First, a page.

What is it that warrants Canaletto (and let us not forget, his rivals) an exhibition at the National Gallery? What differentiates these paintings from others known for their landscapes – Claude, Turner and Constable? Perhaps, even more pertinent a question ought to be: what differentiates Canaletto from his rivals – Marieschi, Belotto, Carlevarijs and Guardi?
What struck me first about Canaletto’s scenes of Venice, was the glow of warming light that basks the building forming dramatic shadows, and highlights the ripples in the lagoon. Yet, his work is unlike the seventeenth-century hero of the landscape genre, Claude and his inseparable infamous glow. For Canaletto’s brushstroke, composition etc. lacks the fantastical air of Claude’s classical landscapes – the classical that represents the element of mythology - the invented. Therefore I see Canaletto’s landscapes as both more assessable and relational.
It is true that here Canaletto (and his rivals) portray an idealised view of the city – always seen in pleasant weather and complimentary light. However the other aspects of its formal qualities assure us Canaletto’s Venice can be trusted with our eyes. Crisp lines, perfect perspective, well-plotted compositions, and deep shadows – His chiaroscuro is the well balanced mid between natural visual drama and mistrusted melodrama. Such shadows are entirely considered so that they are not a wayward add-on, but factored into the very composition. It seems impossible that even in the darkness of the shadows, there is the warmth of Canaletto.
As far as beautifully painted landscapes and cityscapes go, this is a worthy collection of paintings to view in exhibition. However I must confess, I sped around the six rooms of paintings in under thirty minutes. This is a thematic exhibition of Venetian scenes – you cannot come expecting a menagerie. It will be of no surprise then that I struggled to identify the painting I wished to buy at postcard stand, now in smaller size. It’s an exhibition I’d invite an art lover, traditionalist, or general romantic (to which looking upon pictures of Venice alone conjures up a good reception). In structure it’s strikingly similar to ‘Turner and the Masters,’ where indeed some Canaletto’s and Guardi's were shown, last winter at the Tate Britain. And my belief is that if an artist is to stand up against Turner, that artist will lose.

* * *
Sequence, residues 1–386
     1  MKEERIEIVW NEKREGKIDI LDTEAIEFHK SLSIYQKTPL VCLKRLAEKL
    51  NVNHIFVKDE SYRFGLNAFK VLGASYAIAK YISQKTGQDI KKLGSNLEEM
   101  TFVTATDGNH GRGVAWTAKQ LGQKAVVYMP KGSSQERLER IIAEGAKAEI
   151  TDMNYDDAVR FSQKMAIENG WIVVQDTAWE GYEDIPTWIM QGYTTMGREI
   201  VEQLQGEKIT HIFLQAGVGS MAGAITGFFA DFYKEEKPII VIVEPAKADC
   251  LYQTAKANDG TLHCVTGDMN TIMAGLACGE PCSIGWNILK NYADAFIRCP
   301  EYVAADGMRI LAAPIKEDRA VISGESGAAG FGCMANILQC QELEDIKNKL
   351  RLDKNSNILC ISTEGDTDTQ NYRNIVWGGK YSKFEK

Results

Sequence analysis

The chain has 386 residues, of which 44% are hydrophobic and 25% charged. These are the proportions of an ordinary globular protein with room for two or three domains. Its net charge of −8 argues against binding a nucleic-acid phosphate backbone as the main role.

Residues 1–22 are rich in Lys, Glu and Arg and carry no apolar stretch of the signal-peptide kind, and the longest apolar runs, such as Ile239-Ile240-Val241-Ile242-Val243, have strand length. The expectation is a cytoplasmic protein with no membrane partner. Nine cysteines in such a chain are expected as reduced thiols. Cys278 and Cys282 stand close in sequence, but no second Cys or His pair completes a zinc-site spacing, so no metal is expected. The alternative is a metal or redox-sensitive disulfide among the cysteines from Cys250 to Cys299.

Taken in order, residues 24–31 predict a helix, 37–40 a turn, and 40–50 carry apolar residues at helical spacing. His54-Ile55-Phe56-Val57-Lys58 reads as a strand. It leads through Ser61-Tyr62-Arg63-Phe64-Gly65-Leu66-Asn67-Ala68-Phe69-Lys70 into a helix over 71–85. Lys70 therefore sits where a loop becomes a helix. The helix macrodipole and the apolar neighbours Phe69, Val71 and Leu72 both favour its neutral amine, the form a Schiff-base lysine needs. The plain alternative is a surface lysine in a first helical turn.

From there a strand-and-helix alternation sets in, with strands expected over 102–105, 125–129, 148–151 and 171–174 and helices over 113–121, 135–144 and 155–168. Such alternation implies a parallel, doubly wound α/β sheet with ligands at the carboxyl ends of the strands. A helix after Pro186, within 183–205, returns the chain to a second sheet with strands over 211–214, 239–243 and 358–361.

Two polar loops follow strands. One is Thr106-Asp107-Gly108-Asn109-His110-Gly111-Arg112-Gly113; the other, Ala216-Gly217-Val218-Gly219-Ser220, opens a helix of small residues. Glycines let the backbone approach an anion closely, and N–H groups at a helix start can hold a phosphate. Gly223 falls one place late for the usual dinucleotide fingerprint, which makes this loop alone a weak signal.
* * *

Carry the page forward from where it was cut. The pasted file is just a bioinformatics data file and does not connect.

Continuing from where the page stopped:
In terms of how Canaletto measures to his rivals in Venice and at the exhibition, I admired Guardi’s creative tease on the city’s views. Particularly in A Regatta on the Grand Canal c. 1777 the subtle sway of the buildings clustering the riverbank that lean inwards sandwiching the scene together. It’s that light adaptation, like Canaletto’s stark shadows, which become a part of the cohesion of the composition. I did not at all fall for Carlevarijs’ overtly Baroque scenes of Venice in festivities. There is great, refined taste in Canaletto’s paintings that can’t be denied.
The exhibition stays in the Salisbury Wing of the National Gallery until 16 January 2011 -http://www.nationalgallery.org.uk/whats-on/exhibitions/venice-canaletto-and-his-rivals